|No||Age/Sex||Side||AO classification||Haraguchi classification||PM fixation technique||Transsyndesmotic screw||AOFAS|
Table 1. Summary of the PM fixation group data and results.
|No||Age/Sex||Side||AO classification||Haraguchi classification||Transsyndesmotic screw||AOFAS|
Table 2. Summary of the PM conservative group data and results.
Surgeries are performed by five surgeons. All of them are working in the same trauma section. Fixation of PM fragments which are smaller than 25% of the joint surface is still controversial so PM fixation was performed by surgeon’s decision. It was a subjective decision. Two surgical techniques were used while fixating PM. One of them is open reduction and internal fixation with 3.5 mm DCP plate. Posterolateral approach was chosen for this fixation. The other surgical technique was percutaneous anterior to posterior screw fixation. PM Fixation with posterior plate was used in 17 (63%) patients and percutaneous screw fixation was used in 10 (34%) patients.
Need for transsyndesmotic screw fixation is decided after malleolus fixation intraoperatively. Intraoperatively fluoroscopic external rotation stress test was applied to all patients after malleolus fixation. When tibiofibular and tibiotalar clear space was >1 mm from other side, stress test was defined as positive and transsyndesmotic screw was used.
Both groups were followed with partial weight-bearing after surgery. No cast was applied. Transsyndesmotic screws were extracted 6 weeks after surgery. There was no difference in post-operative rehabilitation protocol between two groups. Superficial infection was seen in 4 patients and treated with oral antibiotics. One patient had reflex sympathetic dystrophy and healed completely.
The length of the PM fracture measurement was conducted from preoperative lateral x-rays. PM fracture was classified according to Haraguchi classification from preoperative ankle CT . Use of transsyndesmos screw was obtained from postoperative x-rays. American Orthopaedic Foot and Ankle Society (AOFAS) ankle-hind foot score was used to evaluate the functional outcomes at the latest follow-up (Figure 2).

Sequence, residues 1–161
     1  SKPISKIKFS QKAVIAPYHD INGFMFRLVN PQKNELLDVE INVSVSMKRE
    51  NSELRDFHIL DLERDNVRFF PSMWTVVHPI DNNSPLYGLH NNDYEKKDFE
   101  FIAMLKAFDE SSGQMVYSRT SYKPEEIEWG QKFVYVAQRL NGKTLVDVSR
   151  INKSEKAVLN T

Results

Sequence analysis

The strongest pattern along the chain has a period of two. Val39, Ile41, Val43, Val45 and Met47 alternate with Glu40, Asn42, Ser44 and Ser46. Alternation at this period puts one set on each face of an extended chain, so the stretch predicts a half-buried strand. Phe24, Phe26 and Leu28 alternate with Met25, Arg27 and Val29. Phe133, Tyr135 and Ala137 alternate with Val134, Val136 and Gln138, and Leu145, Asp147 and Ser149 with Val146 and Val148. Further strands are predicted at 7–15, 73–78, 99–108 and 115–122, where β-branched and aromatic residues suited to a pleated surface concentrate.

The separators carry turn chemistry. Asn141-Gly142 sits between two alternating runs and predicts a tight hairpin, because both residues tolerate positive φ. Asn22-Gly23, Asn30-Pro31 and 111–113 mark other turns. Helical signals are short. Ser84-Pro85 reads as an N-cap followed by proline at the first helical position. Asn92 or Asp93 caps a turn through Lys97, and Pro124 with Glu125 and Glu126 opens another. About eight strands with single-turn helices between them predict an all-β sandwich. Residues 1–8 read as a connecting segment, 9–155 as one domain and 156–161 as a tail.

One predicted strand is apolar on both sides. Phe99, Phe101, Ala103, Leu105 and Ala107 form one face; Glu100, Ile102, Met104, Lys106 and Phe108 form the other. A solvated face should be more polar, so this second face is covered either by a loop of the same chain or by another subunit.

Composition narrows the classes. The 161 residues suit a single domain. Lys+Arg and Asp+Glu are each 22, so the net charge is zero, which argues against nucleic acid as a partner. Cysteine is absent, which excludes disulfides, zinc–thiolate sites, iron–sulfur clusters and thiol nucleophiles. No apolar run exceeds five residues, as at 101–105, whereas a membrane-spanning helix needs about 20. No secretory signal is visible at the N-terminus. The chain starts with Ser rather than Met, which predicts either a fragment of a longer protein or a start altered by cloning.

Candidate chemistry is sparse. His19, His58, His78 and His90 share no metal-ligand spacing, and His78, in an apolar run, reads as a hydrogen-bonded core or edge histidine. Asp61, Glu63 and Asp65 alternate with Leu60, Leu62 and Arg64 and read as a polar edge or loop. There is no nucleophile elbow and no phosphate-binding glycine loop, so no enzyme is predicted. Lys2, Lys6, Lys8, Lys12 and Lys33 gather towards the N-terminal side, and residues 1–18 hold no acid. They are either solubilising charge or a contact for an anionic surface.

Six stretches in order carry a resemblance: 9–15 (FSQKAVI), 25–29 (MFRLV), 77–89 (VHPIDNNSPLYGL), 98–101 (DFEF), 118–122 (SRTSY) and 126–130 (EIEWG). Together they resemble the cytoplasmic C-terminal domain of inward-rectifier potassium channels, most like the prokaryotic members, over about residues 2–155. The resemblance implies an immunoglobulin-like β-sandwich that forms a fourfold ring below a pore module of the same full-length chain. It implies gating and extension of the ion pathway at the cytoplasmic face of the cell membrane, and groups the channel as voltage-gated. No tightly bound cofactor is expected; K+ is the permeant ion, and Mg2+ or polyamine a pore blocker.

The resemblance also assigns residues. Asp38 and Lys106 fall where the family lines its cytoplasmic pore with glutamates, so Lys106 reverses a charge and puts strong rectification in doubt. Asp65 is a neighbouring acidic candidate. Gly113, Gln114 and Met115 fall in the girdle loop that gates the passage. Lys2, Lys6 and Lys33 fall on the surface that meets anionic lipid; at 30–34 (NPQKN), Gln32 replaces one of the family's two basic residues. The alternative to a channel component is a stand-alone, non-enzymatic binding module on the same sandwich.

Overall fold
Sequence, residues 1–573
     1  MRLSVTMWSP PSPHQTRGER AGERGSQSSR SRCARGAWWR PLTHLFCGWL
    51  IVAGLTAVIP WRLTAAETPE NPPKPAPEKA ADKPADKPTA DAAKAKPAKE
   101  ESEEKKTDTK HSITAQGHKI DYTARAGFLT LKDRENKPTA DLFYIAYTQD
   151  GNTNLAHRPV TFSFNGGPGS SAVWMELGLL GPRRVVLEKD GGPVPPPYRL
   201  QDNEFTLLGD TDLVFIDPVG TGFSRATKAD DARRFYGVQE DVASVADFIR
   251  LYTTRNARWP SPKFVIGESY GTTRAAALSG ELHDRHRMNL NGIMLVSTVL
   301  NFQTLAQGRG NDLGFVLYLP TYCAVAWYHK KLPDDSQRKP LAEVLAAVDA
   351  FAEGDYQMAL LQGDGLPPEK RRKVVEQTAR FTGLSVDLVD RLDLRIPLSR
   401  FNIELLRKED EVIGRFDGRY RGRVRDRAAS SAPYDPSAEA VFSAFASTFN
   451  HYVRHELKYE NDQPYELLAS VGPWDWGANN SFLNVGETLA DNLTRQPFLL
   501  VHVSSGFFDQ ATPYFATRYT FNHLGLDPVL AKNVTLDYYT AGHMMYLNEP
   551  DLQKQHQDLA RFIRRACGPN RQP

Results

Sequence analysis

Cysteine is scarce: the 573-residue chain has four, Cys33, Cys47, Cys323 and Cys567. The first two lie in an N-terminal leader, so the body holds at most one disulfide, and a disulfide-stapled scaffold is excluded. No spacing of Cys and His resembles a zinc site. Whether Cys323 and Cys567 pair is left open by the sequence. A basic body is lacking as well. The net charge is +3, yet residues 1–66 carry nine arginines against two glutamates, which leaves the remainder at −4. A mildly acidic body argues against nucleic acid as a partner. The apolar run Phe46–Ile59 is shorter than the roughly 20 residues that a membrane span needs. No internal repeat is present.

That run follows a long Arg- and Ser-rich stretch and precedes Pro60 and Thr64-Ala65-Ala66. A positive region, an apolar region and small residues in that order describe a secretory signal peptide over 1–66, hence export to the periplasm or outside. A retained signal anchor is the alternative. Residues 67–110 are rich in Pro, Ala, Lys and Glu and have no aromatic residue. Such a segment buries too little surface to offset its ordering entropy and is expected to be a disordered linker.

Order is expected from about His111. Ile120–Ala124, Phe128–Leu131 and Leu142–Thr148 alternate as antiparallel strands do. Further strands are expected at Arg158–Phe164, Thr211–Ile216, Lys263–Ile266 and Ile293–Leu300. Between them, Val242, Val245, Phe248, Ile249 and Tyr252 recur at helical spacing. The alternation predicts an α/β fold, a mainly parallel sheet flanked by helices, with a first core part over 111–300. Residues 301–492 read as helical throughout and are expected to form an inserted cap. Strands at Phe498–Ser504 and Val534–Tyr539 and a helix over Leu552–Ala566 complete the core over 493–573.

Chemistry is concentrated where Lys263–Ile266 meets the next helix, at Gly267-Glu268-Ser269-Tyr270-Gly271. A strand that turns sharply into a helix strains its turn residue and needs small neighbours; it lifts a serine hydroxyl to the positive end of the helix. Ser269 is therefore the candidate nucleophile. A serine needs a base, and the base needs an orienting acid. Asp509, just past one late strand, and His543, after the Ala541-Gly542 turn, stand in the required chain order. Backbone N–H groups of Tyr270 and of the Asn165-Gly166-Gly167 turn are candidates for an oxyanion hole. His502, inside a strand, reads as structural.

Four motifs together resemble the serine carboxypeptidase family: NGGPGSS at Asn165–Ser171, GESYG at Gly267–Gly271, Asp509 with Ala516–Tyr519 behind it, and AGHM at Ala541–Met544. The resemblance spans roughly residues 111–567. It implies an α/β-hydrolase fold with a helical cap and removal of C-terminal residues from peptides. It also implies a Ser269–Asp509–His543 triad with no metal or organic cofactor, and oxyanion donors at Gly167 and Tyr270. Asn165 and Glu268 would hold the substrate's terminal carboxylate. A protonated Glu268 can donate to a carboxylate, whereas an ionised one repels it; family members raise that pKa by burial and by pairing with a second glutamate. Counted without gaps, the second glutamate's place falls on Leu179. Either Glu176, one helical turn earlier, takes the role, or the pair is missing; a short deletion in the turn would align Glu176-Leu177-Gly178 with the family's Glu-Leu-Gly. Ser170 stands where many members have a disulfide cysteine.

Data was analysed with SPSS 22.0 program. Mean, standard deviation, median, frequency and ratio values are used in the descriptive statistics of the data. The distribution of the variables was measured by the Kolmogorov Simirnov test. Independent sample t-test and Mann-Whitney u-test were used in the analysis of quantitative independent data. Chi-square test was used to analyse qualitative independent data, and fischer-test was used when chi-square test conditions were not met. This was a retrospective study. Sample size calculations were not conducted for that reason.
In 27 patients with PM fixation, mean of preoperative PM fracture ratio was 20% ± 4.66% (15-25). Mean of AOFAS was 87.44 ± 5.67 (80-100). In 46 patients without PM fixation, mean of preoperative PM fracture ratio was 19.8% ± 4.54% (10-25). Mean of AOFAS was 87.22 ± 6.37 (72-100). In the PM fixation group, transsyndesmosis screw was used in 6 patients (22%). In the group where PM was not fixated, transsyndesmosis screw was used in 31 patients (67%).
The age, sex and side distribution of the patients in the PM fixation and conservative groups did not differ significantly (p˃0.05). AOFAS, Haraguchi classification, AO/OTA classification and PM ratio did not differ significantly. Use of transsyndesmotic screw in conservative group was significantly higher (p˂0.05) than PM fixation group. Correlation was found between PM ratio and Haraguchi type 1 and 2 fractures. Frequency in type 3 is statistically incompatible.
Ankle fractures along with PM fracture have clinically worse outcomes [5,12,13]. Generally, in trimalleolar fractures, fixation of PM is determined according to the posterior fragment’s ratio to the ankle joint. In PM fractures which are less than 25% of ankle joint, conservative treatment can be chosen because the joint biomechanics is not altered and the functional results do not show difference [8,14,15]. However, there are publications in the literature claiming that, even if the posterior fragment is less than 25% fixation is recommended in order to maintain the syndesmotic stability . Since there is a consensus on posterior fragment fixation which is for PM fragment size larger than 25% in trimalleolar fracture, in our study we evaluated the outcomes of the posterior fragments less than 25% of ankle joint in trimalleolar fractures. There are no certain criteria defined for PM fixation indication since cases do not belong to sole surgeons and study being retrospective one. However, there was no significant statistical difference found between PM fixation and without PM fixation groups in terms of demographic, fracture type, size and ratio.